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Vegetarian Thanksgiving menu

It's hard to separate Thanksgiving from food — we instantly associate dishes like roasted turkey, creamy mashed potatoes, and homemade gravy with the holiday. This year, however, I'll be celebrating Thanksgiving in a different way; I've stopped eating meat, so many of the staple options for the holiday are not up for consideration for our meal.

Chatelaine.com

It’s hard to separate Thanksgiving from food — we instantly associate dishes like roasted turkey, creamy mashed potatoes, and homemade gravy with the holiday. This year, however, I’ll be celebrating Thanksgiving in a different way; I’ve stopped eating meat, so many of the staple options for the holiday are not up for consideration for our meal.

I won’t be eating the same things I’ve eaten at Thanksgiving for years, but that doesn’t mean that I can’t have a delicious meal — or that I can’t enjoy many of the foods that bring the holiday to mind. Here’s a menu of vegetarian and vegan Thanksgiving options that can make a meal all by themselves — these would be welcome at any table, whether the centrepiece is turkey or Tofurkey.

Happy Thanksgiving!

Starter: Soup
What says autumn in Canada like the taste of maple syrup? You’ll find it in this maple-carrot soup, which is easily made vegetarian by switching out the chicken broth in the recipe for a vegetable broth. You can make the meal vegan or dairy-free as well, by using a soy-based sour cream — look for Tofutti in stores, or get adventerous and make your own.

If you prefer a broth-based soup, I’ve got this recipe on my to-make list — it’s vegan and full of protein from quinoa and beans.

Main #1: Roasted vegetables
Roasting up some fall veggies is a great way to add something warm and heart to your meal. This recipe makes a lot — the leftovers would be great in soup or pasta — and there’s very little prep time.

If you’re willing to get away from a roast, you could try a curry or chili dish as the main item for your Thanksgiving menu. Harvest vegetable curry uses in-season veggies like cauliflower and is simple to prepare; if you go with vegetable broth, it’s vegan. And this squash chili will warm your belly on a crisp fall day; if you like, either sub out the sour cream for a non-dairy version or simply leave it out.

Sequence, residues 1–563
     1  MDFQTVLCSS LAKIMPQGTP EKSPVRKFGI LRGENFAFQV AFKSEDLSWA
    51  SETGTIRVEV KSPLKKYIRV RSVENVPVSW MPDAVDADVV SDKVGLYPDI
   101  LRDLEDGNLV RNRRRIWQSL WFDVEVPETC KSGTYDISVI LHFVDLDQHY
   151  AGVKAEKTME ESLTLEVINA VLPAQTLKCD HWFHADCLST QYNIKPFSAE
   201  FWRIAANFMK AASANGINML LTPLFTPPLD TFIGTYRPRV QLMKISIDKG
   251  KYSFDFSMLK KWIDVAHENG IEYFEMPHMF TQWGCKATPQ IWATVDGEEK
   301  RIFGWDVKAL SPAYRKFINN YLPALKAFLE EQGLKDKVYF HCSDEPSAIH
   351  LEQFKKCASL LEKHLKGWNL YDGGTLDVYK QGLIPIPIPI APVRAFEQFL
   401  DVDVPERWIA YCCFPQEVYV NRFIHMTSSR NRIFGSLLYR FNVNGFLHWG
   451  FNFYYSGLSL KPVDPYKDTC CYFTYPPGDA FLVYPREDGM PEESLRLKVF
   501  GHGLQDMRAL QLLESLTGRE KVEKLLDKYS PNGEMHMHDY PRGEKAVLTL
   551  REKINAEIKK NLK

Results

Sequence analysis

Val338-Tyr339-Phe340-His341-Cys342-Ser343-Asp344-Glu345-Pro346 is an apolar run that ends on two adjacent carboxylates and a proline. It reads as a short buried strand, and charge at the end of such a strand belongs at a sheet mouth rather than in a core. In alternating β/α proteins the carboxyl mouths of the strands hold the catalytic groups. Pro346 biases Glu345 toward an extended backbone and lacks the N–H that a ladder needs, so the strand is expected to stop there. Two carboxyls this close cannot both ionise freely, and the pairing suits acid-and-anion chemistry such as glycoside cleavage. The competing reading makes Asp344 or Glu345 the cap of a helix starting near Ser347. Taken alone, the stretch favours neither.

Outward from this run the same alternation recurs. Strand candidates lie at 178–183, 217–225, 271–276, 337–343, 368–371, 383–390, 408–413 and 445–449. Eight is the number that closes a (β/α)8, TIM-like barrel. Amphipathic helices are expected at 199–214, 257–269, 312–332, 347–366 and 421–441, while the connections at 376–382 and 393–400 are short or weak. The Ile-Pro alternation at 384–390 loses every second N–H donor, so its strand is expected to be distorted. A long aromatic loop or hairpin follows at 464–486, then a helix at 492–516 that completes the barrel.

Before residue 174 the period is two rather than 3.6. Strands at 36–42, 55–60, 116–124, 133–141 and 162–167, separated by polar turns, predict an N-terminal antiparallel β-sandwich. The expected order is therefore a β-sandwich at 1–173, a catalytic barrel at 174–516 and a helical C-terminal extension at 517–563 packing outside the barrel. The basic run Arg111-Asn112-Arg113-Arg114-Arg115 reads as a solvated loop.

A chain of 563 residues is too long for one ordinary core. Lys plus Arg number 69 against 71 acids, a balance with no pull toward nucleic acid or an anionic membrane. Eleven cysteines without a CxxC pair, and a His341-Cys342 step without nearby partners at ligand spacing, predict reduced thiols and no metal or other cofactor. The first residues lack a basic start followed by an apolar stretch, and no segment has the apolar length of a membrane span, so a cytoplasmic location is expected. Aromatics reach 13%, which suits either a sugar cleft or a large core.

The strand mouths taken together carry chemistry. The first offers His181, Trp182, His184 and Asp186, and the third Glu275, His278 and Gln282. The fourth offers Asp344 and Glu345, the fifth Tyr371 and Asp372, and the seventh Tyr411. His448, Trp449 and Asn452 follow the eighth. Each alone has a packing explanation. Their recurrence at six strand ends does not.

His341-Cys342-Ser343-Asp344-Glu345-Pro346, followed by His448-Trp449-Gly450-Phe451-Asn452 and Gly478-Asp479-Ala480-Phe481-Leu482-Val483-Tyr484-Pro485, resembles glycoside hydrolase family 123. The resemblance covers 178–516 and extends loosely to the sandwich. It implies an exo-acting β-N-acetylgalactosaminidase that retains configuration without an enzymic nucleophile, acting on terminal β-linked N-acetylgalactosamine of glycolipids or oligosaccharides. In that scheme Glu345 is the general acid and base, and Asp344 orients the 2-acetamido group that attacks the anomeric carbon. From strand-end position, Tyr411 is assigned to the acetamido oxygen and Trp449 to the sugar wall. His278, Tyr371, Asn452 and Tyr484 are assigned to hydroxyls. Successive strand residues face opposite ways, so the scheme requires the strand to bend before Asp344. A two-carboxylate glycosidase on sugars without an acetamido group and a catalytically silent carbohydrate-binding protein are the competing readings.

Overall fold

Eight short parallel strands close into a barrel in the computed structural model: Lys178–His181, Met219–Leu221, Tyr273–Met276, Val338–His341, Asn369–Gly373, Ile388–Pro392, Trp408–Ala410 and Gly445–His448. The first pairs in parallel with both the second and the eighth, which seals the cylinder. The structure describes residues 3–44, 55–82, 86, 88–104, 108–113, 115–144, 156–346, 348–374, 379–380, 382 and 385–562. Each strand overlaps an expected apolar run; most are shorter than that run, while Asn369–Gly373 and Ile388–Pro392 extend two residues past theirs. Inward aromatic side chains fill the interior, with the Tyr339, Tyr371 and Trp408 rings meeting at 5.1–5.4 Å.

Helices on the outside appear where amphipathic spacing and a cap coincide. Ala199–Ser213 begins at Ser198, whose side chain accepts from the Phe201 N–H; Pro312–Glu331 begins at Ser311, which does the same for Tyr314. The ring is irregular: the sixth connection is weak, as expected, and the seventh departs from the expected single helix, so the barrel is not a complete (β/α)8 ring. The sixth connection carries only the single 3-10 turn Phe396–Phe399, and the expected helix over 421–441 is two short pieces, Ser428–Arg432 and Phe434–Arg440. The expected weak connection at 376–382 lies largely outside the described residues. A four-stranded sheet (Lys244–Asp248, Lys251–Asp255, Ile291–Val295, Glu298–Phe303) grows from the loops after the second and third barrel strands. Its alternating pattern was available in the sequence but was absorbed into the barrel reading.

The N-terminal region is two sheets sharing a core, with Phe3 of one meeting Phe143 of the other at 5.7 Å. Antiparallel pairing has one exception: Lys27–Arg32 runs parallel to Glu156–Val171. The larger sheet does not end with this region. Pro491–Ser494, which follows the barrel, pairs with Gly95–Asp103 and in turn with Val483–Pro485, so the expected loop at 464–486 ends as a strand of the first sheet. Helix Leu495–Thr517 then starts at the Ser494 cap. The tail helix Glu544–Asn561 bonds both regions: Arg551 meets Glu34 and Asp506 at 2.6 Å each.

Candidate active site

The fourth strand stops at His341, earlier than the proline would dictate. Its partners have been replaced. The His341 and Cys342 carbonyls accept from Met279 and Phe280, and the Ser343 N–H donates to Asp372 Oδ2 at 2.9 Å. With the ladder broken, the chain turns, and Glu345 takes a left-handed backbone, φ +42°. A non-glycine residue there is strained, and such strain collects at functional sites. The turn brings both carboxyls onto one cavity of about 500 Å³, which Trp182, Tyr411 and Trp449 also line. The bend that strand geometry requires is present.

If you’d like to have a salad with your dinner, try this one with roasted vegetables and chickpeas, which add some extra protein to the meal.

Main #2: Stuffing
I’ll be honest: I’ve never been a big fan of stuffing. But for many people, it’s just not Thanksgiving without it. This recipe appeals to me much more than soggy stuffing out of a box, with crisp pieces of bread and beta carotene-rich sweet potatoes. Make it veggie by switching out chicken broth for vegetable, and to make this vegan or dairy-free, replace the butter — Earth Balance spreads have a wonderful flavour that I also love on popcorn, and Incredible Edible Spread ‘Em is full of delicious garlic.

Side:
Greens
Adding some dark greens like rapini to your meal is a great way to include some iron and folate. I don’t love steamed greens, but roasting gives them just the right texture. Again, these will be just as delicious with a dairy-free spread instead of butter, if you prefer.

If you don’t enjoy leafy greens, give another green vegetable a try. Green beans are seasonal and they taste great cooked up with garlic, for example. You can make your own garlic butter by mixing minced garlic into a non-dairy spread, or try using a garlic-infused olive oil instead.

Side:
Mashed potatoes
This recipe is already vegetarian, but people who avoid dairy can also enjoy it with a few substitutions: soy or almond milk instead of cow’s milk, a non-dairy spread like Earth Balance instead of butter, and dairy-free cream cheese and sour cream. Just as creamy as the original!

If you’re like me, you can’t fathom the thought of mashed potatoes without gravy — try making your own with veggie broth or vegetarian chicken bouillon, or look for a mix for mushroom gravy in the grocery store.

Dessert: Fruits and ice cream
What’s a family feast without homemade dessert to finish it off? This apple-cranberry crisp is nearly vegan as it is — just swap out the butter for your favourite spread. And rhubarb and berry compote is a dish that everyone at your table, regardless of dietary preferences or allergies, is likely to be able to eat. Both of these desserts would be great with ice cream — try Luna and Larry’s Coconut Bliss. It’s so creamy that nobody will believe it’s not made with dairy (the secret is coconut milk!) and the ingredients are all natural and organic.